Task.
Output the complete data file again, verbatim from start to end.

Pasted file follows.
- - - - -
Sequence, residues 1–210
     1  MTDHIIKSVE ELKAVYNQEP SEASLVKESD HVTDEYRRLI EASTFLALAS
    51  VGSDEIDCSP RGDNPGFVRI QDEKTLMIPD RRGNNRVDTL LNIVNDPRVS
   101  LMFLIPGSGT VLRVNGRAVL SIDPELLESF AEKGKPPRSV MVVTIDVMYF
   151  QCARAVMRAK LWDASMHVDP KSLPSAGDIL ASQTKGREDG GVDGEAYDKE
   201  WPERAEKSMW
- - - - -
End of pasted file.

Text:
Sequence, residues 1–210
     1  MTDHIIKSVE ELKAVYNQEP SEASLVKESD HVTDEYRRLI EASTFLALAS
    51  VGSDEIDCSP RGDNPGFVRI QDEKTLMIPD RRGNNRVDTL LNIVNDPRVS
   101  LMFLIPGSGT VLRVNGRAVL SIDPELLESF AEKGKPPRSV MVVTIDVMYF
   151  QCARAVMRAK LWDASMHVDP KSLPSAGDIL ASQTKGREDG GVDGEAYDKE
   201  WPERAEKSMW